I had no expectations of the place and so I dug beneath the surface and made it my home, took the time to become less the wrong person than I had been before.

The third place that felt like home was a condo in a city I hated. Almost everything about the city — or the county — felt wrong, at sharp angles that pointed into and away from me. I was the squarest peg in the roundest, sun-shaped hole. But as soon as I stepped into that condo and shut the door behind me against the awful woman who lived downstairs, it was like being in a serene oasis, complete with an occasional ocean breeze. There was a window in one of the bedrooms where light streamed in, and during the times I didn’t have a roommate I sat in that window and made it window.

Armed with nothing more than a camera and the light, that window in that condo helped teach me how to feel comfortable in my skin, to be at home in myself.

The fourth place that felt like home was a sprawling city that I never lived in but escaped to. I pieced it together, on occasional weekday and weekend trips. I drove it from end to end. I never saw everything there I wanted to, so I go back, when I can. It is warm, and beautiful, and ugly, and it is both exactly what you expect and everything you might not imagine. Still I can’t figure out how it makes me feel at home, but it does, in its familiarity, comfort and ease.

The fifth place that felt like home was a person. And then he didn’t feel like home anymore.

I haven’t visited the town where I grew up in nearly 15 years. The last time I saw the city of my birth was 10, 11 years ago, and only for a day. I’ve called one state “home” for the better part of 20 years, and for some time now my parents have too. Yet I still wonder exactly what home is, and what it means. It could be one of these things — the way I feel, the way a place feels, the way a house feels, the way someone else feels — or it could be all of them, and something else too.

I own a house now. Last I got the keys and walked through it, simultaneously luxuriating in the space and ticking off the things that need to happen next. The house is small but full of light. It has good windows. It’s in a place where I can, more or less, dig under the surface. Maybe it’s home, too.

Jan 08

Both Sides Now


The apartment we rented turned out to be in a tiny mountain village many kilometers through narrow hillside roads from almost any restaurant or market. The main walkway in the village was under construction, with workers just outside the apartment every day, first thing in the morning, including on Sunday. The other main attraction in town, the old church, was closed for repair. The bed was lumpy; the bathroom was a sink, a toilet, and a shower head, all in a single, small room, with no curtain or tub or divider; the garden out front was less hospitable than the photos led us to believe. And from up high on the hill just above the village, the large church bell rang out every hour, on the hour, from early in the morning until dark.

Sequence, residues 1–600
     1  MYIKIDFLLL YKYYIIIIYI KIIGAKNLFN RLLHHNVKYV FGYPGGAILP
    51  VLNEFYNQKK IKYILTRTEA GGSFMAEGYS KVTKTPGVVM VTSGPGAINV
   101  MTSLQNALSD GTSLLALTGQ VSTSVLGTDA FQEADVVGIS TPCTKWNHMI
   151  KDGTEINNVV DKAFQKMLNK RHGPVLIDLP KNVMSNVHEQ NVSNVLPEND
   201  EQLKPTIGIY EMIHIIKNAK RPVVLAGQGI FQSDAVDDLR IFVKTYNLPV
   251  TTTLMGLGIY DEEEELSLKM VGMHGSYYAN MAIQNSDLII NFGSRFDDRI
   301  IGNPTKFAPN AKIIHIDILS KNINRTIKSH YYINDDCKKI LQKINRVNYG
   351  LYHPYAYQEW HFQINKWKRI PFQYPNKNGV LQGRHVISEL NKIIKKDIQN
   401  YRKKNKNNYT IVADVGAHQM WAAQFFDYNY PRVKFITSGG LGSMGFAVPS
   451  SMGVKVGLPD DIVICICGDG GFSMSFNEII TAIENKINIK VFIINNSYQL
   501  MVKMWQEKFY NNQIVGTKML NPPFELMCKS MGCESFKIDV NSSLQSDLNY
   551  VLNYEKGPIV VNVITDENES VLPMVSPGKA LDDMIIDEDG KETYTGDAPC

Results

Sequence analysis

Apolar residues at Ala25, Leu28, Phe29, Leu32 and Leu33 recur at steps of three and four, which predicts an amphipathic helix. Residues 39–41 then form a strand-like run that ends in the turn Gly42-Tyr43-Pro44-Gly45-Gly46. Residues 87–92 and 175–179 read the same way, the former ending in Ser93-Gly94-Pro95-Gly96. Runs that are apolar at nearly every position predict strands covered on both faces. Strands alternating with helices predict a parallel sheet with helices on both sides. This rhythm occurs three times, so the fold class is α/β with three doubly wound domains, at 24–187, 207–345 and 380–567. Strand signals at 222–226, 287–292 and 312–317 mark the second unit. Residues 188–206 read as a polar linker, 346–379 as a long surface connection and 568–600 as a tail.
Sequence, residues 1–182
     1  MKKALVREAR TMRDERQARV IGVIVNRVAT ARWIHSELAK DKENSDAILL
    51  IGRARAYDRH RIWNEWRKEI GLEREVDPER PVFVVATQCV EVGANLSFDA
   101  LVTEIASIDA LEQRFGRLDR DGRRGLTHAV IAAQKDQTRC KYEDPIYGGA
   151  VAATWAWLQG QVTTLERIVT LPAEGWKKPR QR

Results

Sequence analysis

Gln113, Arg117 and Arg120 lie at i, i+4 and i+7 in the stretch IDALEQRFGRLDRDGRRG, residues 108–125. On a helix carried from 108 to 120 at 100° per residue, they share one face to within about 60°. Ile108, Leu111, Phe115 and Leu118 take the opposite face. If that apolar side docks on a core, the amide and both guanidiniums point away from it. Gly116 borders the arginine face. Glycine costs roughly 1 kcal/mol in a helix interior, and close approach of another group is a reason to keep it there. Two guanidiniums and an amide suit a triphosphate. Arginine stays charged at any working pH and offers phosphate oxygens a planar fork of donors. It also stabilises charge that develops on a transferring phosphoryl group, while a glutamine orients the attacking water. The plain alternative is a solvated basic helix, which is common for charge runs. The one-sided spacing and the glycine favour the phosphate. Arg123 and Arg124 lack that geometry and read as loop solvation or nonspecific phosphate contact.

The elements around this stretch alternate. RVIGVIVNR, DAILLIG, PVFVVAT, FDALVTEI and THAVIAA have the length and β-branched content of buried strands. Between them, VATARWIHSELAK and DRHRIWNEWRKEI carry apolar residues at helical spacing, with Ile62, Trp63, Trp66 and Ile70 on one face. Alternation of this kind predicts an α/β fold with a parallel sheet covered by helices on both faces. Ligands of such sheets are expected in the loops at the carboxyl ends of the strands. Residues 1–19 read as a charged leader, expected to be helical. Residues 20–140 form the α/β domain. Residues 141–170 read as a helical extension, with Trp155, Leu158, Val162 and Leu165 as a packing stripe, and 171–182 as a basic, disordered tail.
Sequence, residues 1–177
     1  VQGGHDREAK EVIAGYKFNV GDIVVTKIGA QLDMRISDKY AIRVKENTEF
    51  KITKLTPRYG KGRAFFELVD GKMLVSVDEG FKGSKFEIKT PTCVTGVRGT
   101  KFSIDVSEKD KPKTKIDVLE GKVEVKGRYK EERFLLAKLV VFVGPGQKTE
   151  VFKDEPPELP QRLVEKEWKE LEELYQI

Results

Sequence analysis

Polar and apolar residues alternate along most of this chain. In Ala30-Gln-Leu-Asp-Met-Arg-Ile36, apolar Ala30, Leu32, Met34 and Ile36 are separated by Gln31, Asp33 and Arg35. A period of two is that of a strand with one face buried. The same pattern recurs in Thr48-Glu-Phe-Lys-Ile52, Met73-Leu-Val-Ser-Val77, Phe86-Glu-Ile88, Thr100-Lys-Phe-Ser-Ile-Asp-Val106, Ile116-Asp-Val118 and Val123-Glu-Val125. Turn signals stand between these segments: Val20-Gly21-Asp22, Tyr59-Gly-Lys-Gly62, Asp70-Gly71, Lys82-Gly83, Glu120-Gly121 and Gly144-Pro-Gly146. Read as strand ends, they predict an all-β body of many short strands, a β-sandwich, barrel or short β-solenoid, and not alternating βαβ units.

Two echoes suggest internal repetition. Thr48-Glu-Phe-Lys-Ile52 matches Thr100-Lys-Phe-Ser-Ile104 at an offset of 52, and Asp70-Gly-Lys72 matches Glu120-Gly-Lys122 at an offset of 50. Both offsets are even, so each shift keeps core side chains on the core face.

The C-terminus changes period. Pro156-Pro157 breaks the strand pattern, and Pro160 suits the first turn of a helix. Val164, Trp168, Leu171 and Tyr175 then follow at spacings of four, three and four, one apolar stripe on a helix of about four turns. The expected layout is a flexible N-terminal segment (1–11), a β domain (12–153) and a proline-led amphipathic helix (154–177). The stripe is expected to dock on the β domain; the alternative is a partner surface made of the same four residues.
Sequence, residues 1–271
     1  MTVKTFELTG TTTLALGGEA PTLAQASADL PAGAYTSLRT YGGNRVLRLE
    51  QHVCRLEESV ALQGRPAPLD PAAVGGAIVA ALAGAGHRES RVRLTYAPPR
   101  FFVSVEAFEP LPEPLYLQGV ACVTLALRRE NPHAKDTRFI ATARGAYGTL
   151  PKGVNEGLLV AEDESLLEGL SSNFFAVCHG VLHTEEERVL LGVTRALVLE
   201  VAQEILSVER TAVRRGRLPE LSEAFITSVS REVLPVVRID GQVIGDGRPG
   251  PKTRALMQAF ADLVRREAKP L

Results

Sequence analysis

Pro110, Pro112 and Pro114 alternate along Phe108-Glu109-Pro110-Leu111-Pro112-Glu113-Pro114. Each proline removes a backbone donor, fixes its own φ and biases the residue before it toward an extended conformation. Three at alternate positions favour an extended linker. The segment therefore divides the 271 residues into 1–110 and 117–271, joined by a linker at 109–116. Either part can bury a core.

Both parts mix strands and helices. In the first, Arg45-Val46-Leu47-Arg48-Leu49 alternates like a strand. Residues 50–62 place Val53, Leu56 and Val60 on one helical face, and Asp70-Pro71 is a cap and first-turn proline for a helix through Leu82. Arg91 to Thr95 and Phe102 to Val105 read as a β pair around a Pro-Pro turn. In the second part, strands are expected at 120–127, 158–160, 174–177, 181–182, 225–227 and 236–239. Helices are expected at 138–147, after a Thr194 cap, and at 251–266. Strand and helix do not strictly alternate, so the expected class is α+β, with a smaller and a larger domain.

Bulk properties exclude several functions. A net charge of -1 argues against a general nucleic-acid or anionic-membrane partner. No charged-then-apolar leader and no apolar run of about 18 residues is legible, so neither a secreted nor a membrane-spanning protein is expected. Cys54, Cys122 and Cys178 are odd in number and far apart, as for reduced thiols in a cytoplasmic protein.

Yet there we were, grinning like fools in a medieval village in Liguria, so tiny you can barely find it on a map. An arbor of grape vines ran over the front door, so really — how bad could any of it be?

He’d been to Cinque Terre once before by himself and had fallen in love with it, even though it was seething with tourists in the sweltering heat of late summer. “I want to take you,” he said, only months into our new relationship, “but let’s wait until September.”

Over a decade before I’d found myself in Paris with the very wrong person, but this one seemed like the very right one. And anyway, of course I said yes. Who says no to Italy?

We talked about it after and thought maybe, had we known, we’d have picked a place a little closer to the water, or perhaps not quite so close to the church bell. This little apartment, as funny as it was, did have its benefits. Had we not been in Anunziata, we’d never have driven on tiny narrow streets into the hills just to see where we’d end up. Sure, we’d have made it to Lucca on a gorgeous rainy day, and then back again in the sunshine because we loved it so much. Of course we would have wandered through the alleys Siena, taking a break to sit in the Piazza del Campo and watch families from Italy and beyond wander by clutching cones. We’d certainly have made it to San Gimignano, even if it took longer than we realized and we got there sort of later in the day than we meant to.